“Does this not fly in the face of what you said?” Good asked.

“I don’t think the organization is taken seriously,” Munro said of SPOG. “Most of the industry reps aren’t in the position to make any decisions. If we’re going to have 370 wells in our SPOG zone I’d like to see some communication with people who are actually going to make the decisions.”

“This presentation should have come from SPOG,” Good suggested.

“A lot of people just want their questions answered,” Munro said.

Despite the criticism of both bodies, Munro recommended council invite SPOG and the ERCB to speak at a future public meeting. He said he would be willing to repeat his PowerPoint presentation to SPOG or any interested group in Central Alberta, or to Premier Alison Redford if she wanted to hear it.

SPOG executive director Tracey McCrimmon, who attended Wednesday’s presentation, said she wished it had contained more relevant data on the industry in Alberta, rather than the U.S. experience. And she said many of the issues raised by Munro were recently identified by SPOG through its proactive engagement process.

With Munro on SPOG’s board of directors, McCrimmon said she will have to do a better job of keeping the rest of council updated on the group’s activities.

“Our process is not about debate,” she said. “It’s to get everybody at the table and create solutions.”

McCrimmon denied Munro’s claim that SPOG’s industry reps are all junior people.

“We have 40 to 50 very senior people” involved in the group’s proactive engagement process, although “for some committees he’s very right” about the industry designates, she said.

While SPOG members “don’t want to go backwards in our process” by revisiting issues that they have already identified, McCrimmon said she would like to see Munro present SPOG with his slides on fracking fluids.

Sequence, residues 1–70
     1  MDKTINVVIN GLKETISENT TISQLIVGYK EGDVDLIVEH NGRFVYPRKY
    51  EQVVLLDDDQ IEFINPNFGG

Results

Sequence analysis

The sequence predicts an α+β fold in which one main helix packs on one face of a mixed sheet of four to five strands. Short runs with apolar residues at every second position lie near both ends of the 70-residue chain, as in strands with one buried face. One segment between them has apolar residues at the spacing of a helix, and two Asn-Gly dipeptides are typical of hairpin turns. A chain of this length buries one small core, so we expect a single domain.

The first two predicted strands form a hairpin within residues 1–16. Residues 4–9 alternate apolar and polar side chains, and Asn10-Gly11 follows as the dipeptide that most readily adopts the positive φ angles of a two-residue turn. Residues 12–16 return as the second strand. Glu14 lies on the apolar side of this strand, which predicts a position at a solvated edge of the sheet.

“We welcome Paddy to come and share that. He is a stakeholder.”

McCrimmon said she understands Munro’s point of view and the P&P presentation gave him “an opportunity to vent,” she added, “but doesn’t change anything.”

As for the industry being scared of coming regulatory changes, McCrimmon said she doesn’t get that feeling from the industry stakeholders involved with SPOG.

“I don’t get the feeling they’re running scared in any way,” she said.

Red Deer County Mayor Jim Wood, who also attended Wednesday’s presentation, said larger fracking operations have had some impact on roads in his county.

“That’s why it’s important we work with these companies to make sure we have a road system that is not deteriorated from the amount of trucks going on it,” Wood said.

“We haven’t seen these sizes of fracs (that Munro described during his presentation) coming into our region yet, but we’re doing what we can to make ourselves aware and prepared.”

While the county does not regulate the industry, he added, “we do try to make sure our residents are represented … and try to help information to come out. We’re interested. That’s why I’m here today.”

Munro said the next day that he had already been invited to speak on hydraulic fracturing at two colleges – Olds and Camrose – and four counties.

“I’ve got an unbelievable amount of emails – all of them in support,” Munro said.

At the outset of Wednesday’s meeting, Munro said he wanted to dispel rumours that he was involved as a county councillor in organizing last Thursday’s town hall meeting at Eagle Hill with Jessica Ernst, or that he’ll be a speaker at a series of meetings set up by Wildrose candidate Joe Anglin.

“It’s not true,” he said. “But I assure you I will attend (the Anglin meetings). And if (PC candidate) Ty Lund has meetings I will attend those as well because it’s my duty as a councillor.”